Trichomoniasis - Treatment Overview
Trichomoniasis (trich) is treated with an oral antiprotozoal medicine, such as metronidazole or tinidazole. The medicine is taken either as a single dose or as multiple doses.
Your sex partner(s) should be treated at the same time you are being treated. This increases the cure rate and reduces the possibility of further transmission or reinfection. Sexual intercourse should be avoided during treatment until symptoms are gone and until partners have been treated. It is best to avoid sex for 1 week after treatment with a single dose of metronidazole. Male partners may not have symptoms but still need treatment.
People who are infected with HIV receive the same treatment for trich as those who are HIV-negative.
Trichomoniasis in pregnant women
Trichomoniasis during pregnancy raises the risk of premature rupture of membranes (PROM) and premature delivery. Treating the infection doesn't appear to reduce this risk.3 If you are pregnant and have trichomoniasis, talk to your doctor about the pros and cons of treatment.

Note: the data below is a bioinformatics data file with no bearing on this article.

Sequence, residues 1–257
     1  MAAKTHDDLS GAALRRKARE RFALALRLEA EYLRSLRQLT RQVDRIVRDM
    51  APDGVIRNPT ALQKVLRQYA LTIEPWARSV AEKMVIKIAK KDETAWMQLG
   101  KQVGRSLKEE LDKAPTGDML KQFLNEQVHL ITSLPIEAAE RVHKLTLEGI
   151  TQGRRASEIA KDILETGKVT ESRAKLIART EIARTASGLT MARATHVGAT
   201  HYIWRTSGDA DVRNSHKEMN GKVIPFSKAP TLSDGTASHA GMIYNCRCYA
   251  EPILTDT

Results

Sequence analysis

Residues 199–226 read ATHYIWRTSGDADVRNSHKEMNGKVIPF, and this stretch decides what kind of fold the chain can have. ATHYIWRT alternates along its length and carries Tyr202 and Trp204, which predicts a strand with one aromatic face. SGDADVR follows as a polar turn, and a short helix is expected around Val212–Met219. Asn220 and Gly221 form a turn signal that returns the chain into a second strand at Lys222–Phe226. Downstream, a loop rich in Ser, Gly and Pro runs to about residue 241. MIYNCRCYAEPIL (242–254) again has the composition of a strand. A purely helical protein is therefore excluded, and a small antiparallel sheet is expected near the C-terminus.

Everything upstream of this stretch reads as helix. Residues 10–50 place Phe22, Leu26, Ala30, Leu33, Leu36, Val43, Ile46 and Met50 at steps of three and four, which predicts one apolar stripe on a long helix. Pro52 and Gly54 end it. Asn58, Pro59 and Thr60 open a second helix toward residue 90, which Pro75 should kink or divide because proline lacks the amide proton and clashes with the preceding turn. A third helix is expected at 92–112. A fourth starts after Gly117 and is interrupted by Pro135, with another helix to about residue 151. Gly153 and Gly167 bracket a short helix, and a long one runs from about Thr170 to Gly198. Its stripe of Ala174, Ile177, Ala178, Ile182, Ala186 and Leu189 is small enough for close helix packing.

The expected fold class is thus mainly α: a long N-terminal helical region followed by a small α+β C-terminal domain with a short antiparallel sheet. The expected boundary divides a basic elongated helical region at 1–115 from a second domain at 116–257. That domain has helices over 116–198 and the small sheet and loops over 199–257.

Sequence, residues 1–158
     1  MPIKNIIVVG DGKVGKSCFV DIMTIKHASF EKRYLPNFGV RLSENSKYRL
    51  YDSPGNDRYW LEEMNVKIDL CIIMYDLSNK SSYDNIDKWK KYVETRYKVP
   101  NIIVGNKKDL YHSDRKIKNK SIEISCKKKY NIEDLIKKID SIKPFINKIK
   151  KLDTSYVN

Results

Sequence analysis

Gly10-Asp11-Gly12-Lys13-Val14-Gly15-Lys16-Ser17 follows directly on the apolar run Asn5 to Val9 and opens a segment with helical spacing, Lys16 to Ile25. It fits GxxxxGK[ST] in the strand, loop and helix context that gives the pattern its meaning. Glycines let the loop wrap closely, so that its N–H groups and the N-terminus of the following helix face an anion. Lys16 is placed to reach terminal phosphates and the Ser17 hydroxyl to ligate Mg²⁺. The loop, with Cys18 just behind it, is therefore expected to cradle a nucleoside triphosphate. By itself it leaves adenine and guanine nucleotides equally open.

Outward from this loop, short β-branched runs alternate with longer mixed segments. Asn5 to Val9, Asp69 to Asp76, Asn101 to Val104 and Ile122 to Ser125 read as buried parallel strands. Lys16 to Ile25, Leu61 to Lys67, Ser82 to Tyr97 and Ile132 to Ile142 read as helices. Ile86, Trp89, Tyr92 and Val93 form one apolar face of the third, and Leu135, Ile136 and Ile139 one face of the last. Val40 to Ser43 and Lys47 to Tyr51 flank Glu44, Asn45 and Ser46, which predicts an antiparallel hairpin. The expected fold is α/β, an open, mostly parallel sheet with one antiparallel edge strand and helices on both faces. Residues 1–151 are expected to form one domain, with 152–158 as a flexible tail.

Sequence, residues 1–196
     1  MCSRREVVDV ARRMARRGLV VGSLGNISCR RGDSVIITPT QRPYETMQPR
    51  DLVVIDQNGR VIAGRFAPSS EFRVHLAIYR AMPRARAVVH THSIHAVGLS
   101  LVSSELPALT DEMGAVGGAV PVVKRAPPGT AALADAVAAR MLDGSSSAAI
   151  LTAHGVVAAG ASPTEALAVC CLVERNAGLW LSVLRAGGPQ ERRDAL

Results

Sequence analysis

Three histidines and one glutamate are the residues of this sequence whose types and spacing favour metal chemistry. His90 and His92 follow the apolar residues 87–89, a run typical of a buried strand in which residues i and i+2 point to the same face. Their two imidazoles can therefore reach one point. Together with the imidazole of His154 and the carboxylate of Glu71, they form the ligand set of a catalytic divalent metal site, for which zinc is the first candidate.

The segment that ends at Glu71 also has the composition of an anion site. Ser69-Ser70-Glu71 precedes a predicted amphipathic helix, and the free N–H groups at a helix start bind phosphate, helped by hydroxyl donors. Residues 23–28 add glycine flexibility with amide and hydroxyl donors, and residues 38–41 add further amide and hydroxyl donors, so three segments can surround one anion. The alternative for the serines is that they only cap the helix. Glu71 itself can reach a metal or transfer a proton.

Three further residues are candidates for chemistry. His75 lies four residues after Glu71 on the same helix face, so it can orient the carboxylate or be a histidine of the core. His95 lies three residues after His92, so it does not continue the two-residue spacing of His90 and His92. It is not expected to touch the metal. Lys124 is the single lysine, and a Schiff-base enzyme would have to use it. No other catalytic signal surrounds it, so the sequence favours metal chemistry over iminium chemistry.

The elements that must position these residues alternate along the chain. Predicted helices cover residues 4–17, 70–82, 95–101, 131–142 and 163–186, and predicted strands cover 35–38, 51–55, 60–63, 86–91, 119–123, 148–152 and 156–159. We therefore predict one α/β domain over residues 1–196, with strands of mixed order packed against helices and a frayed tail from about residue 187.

Vaginal suppositories and creams aren't effective in curing trich, but they may reduce discomfort and swelling in the genital area.
- No follow-up is needed if symptoms go away. It is possible to get trich again, so it is important to take measures to reduce your risk for trich and other sexually transmitted infections (STIs).
- If symptoms do not go away, you may need to take the medicine again.
- If treatment fails after this and you have not been reinfected, further testing may be done to find out the cause of your symptoms. It is possible to have a strain of trich that is resistant to antiprotozoal medicines. High-dose tinidazole may be used for metronidazole-resistant trich organisms and is as effective as metronidazole in curing trich.5
If trich goes untreated or isn't properly treated, complications can develop, such as pelvic inflammatory disease (PID) in women or conditions that contribute to infertility in men.6